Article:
In the wake of the recent March for Our Lives rally and the shooting in Florida that prompted it, a growing body of stories has pointed out that young people have traditionally been at the center of social change in America, particularly the civil rights movement of the 1960’s. Yet the 50th anniversary of the assassination of Martin Luther King, Jr. this week serves as a reminder that lasting change is never easy, nor does it come without personal cost.
This is a lesson the students at Thurgood Marshall Academy have learned well.
Located in Southeast Washington, D.C., the predominantly black public charter has lost two students to gun violence this year, Zaire Kelly and Paris Brown, and current students remain affected by their deaths.
“Lately, I’ve been worrying if I’ll see my friends the next day at school,” said Jasani Briscoe, a 17-year-old junior at Thurgood Marshall Academy. “The issue just makes me very nervous and vigilant, makes me aware of my surroundings.”
One student I spoke with lost a family member to gun violence when she was six or seven, and the others said even if they haven’t been immediately affected, they’re constantly aware that it could happen. “You never know,” said 17-year-old Destiny Young.
“It’s made me numb,” said another junior, 17-year-old Sydney Campbell. “It’s numbing to know that I can get shot. I’ve become so accustomed to situations like this my whole childhood. I’m not that worried about my life. I mean, I don’t want to die. But if it happens, it happens. I won’t be scared.”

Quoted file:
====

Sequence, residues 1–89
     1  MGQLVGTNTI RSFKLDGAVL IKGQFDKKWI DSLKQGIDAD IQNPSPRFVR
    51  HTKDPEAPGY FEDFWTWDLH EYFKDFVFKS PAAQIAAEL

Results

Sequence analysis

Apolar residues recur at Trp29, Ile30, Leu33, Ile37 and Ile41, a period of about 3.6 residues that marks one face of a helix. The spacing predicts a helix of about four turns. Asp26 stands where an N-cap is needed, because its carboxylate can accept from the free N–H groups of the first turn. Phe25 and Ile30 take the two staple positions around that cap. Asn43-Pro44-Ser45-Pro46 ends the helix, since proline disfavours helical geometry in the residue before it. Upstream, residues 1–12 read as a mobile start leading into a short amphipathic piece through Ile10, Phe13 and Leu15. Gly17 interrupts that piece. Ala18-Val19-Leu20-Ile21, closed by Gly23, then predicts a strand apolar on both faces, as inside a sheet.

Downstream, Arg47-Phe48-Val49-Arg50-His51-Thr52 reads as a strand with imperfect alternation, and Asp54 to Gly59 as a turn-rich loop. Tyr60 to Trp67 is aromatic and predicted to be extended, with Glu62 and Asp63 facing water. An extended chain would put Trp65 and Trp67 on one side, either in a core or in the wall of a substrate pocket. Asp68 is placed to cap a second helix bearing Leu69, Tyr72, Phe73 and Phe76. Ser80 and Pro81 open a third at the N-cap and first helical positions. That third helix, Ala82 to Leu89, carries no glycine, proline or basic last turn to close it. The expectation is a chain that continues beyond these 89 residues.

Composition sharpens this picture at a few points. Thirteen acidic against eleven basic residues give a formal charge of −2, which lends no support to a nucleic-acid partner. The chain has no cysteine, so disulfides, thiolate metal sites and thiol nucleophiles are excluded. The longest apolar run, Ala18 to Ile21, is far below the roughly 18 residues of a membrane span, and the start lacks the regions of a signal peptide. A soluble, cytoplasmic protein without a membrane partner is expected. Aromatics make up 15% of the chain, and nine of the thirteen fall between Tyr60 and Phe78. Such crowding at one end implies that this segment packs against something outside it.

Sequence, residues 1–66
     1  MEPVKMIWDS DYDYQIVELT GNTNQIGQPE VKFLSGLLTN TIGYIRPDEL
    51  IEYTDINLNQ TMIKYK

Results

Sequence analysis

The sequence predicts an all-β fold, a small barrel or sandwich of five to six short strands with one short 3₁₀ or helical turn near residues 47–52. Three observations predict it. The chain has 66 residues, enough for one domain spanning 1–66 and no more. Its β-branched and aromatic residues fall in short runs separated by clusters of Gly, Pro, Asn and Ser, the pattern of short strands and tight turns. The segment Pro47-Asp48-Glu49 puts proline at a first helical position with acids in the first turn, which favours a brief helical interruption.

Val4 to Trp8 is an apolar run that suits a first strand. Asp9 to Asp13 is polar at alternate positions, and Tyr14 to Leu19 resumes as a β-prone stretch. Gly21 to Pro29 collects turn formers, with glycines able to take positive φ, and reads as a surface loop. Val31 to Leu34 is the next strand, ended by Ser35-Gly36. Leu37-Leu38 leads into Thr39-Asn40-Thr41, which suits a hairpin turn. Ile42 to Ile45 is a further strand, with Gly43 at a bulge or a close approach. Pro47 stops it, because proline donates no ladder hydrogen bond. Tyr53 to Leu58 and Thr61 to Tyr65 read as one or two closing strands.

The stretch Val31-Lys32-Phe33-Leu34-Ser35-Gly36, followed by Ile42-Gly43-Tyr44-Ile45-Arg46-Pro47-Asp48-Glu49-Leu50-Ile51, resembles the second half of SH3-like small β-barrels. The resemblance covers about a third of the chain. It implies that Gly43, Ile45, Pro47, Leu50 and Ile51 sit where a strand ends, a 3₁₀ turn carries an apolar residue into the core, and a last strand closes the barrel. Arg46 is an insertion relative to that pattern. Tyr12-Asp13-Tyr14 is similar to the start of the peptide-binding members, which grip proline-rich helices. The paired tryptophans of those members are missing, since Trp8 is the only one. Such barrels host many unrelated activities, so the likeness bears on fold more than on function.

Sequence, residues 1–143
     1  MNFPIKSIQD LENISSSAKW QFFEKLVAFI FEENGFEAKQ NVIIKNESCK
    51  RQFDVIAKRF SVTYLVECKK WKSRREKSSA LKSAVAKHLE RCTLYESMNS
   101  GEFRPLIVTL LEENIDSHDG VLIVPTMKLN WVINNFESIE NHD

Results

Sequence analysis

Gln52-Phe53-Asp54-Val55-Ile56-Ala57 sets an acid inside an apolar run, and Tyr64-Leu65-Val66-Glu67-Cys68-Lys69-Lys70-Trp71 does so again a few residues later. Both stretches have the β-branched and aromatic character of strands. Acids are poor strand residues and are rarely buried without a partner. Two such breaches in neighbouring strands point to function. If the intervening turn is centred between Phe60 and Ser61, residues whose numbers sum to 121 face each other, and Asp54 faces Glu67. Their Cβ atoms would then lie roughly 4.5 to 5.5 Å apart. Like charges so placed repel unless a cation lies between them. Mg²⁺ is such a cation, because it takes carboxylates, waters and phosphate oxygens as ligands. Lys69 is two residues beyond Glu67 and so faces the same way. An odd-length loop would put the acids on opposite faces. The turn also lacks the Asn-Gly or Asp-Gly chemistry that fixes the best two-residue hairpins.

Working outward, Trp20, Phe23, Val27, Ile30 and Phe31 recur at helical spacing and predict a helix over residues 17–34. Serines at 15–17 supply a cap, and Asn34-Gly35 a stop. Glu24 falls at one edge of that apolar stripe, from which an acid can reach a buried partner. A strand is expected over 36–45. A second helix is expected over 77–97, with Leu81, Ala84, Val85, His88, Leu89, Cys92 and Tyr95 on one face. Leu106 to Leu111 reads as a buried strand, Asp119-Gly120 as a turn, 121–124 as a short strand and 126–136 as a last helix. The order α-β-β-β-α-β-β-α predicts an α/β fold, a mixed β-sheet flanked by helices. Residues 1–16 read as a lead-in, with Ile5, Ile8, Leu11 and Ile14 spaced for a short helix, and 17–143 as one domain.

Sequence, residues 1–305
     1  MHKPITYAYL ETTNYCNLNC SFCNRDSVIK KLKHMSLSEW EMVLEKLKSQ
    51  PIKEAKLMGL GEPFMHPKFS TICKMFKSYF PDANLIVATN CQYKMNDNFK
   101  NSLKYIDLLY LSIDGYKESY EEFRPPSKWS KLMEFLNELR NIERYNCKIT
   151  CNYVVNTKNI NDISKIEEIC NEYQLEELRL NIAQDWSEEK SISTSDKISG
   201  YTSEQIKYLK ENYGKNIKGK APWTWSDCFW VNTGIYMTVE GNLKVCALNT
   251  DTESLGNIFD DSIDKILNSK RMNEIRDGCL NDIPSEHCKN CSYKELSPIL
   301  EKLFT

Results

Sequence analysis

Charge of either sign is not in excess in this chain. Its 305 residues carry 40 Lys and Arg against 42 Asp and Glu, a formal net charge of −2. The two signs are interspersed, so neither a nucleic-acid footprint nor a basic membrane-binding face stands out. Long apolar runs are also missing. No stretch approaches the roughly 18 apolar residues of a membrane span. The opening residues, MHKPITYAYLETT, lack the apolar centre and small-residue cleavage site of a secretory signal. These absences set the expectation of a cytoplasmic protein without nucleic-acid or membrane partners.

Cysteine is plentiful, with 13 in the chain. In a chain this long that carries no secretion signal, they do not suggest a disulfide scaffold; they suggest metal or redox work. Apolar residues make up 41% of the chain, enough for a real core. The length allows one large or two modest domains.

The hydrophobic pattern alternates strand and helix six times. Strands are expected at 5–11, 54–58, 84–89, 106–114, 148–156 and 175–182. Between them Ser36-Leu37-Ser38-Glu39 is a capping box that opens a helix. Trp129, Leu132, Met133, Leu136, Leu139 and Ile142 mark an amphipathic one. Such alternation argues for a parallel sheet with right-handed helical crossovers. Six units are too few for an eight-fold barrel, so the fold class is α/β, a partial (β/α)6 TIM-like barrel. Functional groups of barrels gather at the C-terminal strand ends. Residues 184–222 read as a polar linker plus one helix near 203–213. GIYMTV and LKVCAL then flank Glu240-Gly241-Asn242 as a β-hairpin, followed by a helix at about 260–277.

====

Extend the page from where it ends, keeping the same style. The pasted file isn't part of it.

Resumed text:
Despite their frustrations and their losses, they remain hopeful and committed to sharing their voices and ideas about what it takes to stop gun violence. “We shouldn't lose hope at this point in time because Martin Luther King didn't lose hope, and neither did Rosa Parks,” Briscoe said.
“Losing hope would just prove that we are weak,” he continued. “Something will change, and something will get better for the next generation, and then the next.”
“I Want to Feel Safe:” What Students Want to Change
One of the things that’s captivated the public’s attention about the Parkland students is their ability to clearly and effectively communicate what they think should change, which some have credited to their participation in their high school’s debate team. Thurgood Marshall students have also had practice advocating for their causes as part of Mikva Challenge, an America’s Promise Alliance partner and youth civic engagement organization. Through Mikva Challenge D.C.'s programs, Thurgood Marshall students have explored their communities from an asset-based perspective, identified issues that are important to them and their community, researched the issue, analyzed power, and are developing a plan to take action on this issue.
Some of their demands are specific and tangible, like stricter gun laws, more accountability from politicians, and less influence from the National Rifle Association. “Our politicians should be the ones to step up and actually talk about [gun violence],” said 17-year-old junior Michelle Malette.
They were also clear about what they don’t want, speaking out adamantly against President Trump’s initial suggestion to arm teachers with guns. “If my teacher has a gun strapped around her waist or her shoulders, I'm not going to feel safe,” said Young. “I'm not even going to want to come to school.”
But much of what the students are after is broader and more systemic. “What we want is our safety to be the government’s first priority,” said Young as she reflected on a recent Town Hall she attended on safety in her community. “I want to feel safe when I leave from home and go to school. I want to feel safe in school.”
Moving beyond immediate threats to their safety, Thurgood Marshall students also want to see change in a variety of issues that disproportionately affect their community, from mass incarceration and police shootings to inequities in healthcare, such as the time it takes for an ambulance to arrive.